We are docked at Newport, a fishing city on the west coast of Oregon. Newport is the home of the US Government's Pacific Marine Operations Center. It is also home to Oregon State University's flagship ship, R/V Oceanus.
As we arrived downtown, I was told a key piece of information by Alex, a grad student from Oregon State University who is also on this cruise and knows the area well. Pointing, he says "If an earthquake happens, run for that hill there". Road signs provide a clear indication of why. I've been to a tsunami danger zone before, in central Chile, but there, the large earthquake had happened and the probabilities of a big one occurring again were much smaller. Cascadia is different. As I said in my last post, a large earthquake is waiting to happen. It's a case of when - not if. Fortunately, we are at the forefront of research that is trying to understand the earthquake hazard.
Being put to work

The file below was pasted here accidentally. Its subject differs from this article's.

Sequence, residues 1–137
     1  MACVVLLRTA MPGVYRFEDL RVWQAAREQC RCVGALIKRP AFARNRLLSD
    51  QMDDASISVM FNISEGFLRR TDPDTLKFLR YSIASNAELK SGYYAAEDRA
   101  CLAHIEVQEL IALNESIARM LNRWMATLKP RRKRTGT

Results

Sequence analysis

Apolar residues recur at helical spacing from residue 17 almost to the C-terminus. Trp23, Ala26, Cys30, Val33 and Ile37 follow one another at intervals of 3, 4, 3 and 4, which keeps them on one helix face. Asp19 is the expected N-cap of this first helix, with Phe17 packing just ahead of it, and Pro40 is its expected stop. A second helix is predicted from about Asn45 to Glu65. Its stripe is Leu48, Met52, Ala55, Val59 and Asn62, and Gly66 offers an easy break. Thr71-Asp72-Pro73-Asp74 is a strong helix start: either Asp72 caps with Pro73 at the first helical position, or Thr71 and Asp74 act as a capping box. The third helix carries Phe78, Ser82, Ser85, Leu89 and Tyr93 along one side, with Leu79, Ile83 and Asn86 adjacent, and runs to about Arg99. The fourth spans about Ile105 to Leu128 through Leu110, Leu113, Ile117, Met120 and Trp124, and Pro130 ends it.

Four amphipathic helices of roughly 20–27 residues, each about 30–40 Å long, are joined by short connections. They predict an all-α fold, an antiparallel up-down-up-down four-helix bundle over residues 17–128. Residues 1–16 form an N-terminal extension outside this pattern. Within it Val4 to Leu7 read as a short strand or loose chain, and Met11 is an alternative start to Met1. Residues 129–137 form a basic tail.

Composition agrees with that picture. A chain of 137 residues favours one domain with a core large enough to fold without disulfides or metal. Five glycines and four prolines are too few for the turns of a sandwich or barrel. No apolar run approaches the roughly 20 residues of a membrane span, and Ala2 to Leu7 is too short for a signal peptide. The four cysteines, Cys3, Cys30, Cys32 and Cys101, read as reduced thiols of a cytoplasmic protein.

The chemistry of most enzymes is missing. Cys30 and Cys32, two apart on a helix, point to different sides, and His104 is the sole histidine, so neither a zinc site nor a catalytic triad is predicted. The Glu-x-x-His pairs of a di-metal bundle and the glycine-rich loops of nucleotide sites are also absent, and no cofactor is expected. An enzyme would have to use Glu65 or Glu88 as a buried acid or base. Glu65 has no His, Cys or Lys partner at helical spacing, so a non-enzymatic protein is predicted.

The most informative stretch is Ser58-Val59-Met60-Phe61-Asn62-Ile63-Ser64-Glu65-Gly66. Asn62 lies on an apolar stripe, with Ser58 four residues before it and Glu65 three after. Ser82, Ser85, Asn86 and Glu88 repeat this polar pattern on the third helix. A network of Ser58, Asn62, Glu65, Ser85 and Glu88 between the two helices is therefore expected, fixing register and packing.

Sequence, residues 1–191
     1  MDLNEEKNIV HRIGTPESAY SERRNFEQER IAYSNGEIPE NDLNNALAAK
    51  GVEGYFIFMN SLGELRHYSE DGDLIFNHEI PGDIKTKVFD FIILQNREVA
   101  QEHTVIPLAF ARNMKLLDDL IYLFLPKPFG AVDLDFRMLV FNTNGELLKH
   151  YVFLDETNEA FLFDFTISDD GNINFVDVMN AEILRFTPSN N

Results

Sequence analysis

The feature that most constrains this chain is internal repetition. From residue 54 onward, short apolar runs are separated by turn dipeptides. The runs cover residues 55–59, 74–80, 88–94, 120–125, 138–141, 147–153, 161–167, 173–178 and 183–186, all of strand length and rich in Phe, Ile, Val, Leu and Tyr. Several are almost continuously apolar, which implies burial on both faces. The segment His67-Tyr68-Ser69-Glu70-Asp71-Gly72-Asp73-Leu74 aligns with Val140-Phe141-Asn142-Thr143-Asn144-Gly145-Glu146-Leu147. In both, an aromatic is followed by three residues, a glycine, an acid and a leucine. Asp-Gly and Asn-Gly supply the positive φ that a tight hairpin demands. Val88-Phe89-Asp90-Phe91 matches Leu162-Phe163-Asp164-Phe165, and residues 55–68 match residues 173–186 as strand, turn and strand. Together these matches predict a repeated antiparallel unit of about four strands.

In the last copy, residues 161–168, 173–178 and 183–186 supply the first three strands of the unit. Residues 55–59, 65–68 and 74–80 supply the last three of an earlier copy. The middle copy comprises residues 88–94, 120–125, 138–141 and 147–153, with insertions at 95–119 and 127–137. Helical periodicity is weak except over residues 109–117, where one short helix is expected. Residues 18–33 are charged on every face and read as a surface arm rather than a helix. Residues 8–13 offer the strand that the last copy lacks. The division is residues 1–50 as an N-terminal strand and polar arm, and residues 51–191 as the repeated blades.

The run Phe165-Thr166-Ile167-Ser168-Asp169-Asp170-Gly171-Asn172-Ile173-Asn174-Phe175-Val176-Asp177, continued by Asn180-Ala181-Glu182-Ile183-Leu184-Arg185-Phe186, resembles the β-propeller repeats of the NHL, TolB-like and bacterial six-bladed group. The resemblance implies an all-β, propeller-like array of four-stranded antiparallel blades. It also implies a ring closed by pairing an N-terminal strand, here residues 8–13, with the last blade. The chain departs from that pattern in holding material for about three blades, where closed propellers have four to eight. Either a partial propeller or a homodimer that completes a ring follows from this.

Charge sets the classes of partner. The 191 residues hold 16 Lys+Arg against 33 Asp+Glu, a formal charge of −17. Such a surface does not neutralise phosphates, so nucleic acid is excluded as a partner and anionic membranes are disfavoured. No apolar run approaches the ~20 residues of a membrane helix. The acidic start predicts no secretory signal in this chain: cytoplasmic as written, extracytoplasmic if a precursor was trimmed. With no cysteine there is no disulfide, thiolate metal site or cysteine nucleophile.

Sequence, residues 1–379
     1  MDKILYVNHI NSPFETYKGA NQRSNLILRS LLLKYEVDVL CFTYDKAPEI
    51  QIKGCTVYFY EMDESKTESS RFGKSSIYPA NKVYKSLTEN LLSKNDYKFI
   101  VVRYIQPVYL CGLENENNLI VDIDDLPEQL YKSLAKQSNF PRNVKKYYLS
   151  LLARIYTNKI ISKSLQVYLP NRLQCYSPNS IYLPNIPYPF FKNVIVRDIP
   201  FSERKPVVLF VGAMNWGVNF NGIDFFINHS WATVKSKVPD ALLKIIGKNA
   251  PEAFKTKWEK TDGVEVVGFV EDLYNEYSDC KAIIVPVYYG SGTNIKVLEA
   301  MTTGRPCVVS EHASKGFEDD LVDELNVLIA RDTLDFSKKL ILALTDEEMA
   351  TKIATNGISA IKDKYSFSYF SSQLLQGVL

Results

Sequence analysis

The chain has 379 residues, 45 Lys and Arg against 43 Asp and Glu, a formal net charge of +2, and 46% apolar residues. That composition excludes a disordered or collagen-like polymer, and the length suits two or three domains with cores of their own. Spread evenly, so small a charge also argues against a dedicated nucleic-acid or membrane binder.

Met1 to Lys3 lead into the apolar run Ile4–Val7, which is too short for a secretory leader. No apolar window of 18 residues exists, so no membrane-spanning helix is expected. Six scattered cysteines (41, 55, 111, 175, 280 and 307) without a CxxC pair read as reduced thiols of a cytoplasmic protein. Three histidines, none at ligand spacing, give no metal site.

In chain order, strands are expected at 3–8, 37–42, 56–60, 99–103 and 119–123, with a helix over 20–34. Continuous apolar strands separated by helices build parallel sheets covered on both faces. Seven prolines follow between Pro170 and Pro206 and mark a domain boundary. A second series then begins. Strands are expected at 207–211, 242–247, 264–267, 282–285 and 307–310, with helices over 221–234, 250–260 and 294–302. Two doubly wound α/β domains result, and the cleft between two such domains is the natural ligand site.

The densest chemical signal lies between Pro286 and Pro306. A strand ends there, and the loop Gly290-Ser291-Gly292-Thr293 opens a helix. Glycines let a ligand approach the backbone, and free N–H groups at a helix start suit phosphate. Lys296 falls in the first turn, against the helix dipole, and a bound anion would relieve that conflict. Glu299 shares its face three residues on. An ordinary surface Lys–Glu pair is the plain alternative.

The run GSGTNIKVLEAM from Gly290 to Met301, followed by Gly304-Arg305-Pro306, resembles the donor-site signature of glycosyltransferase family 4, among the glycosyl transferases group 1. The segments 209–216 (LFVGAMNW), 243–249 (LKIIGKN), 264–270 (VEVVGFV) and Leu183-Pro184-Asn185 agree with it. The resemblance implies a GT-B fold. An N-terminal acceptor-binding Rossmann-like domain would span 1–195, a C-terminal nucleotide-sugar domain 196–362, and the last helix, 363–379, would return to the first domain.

As soon as we got on board, we were put to work. There were a few brief handshakes, but it was clear that there was a lot to do before we set sail in the morning. The first job was to carry heavy pieces of vital equipment onto deck. I had arrived in my jeans and flip flops, which turned out to be highly unsuitable.Tomorrow, I will certainly wear my steel toe-capped wellies from the off. I am learning quickly.
Fortunately, all the equipment is on board and we are ready to set sail. As I look out to sea, the weather looks foggy. This is a good sign as fog normally means low winds and calm seas. Fingers crossed.I have no idea how I'm going to react to rough seas, so I've taken seasickness pills as a precaution. I have also stocked up on crystallised ginger, which is believed to be a great remedy for nausea.
Yellow circle = current location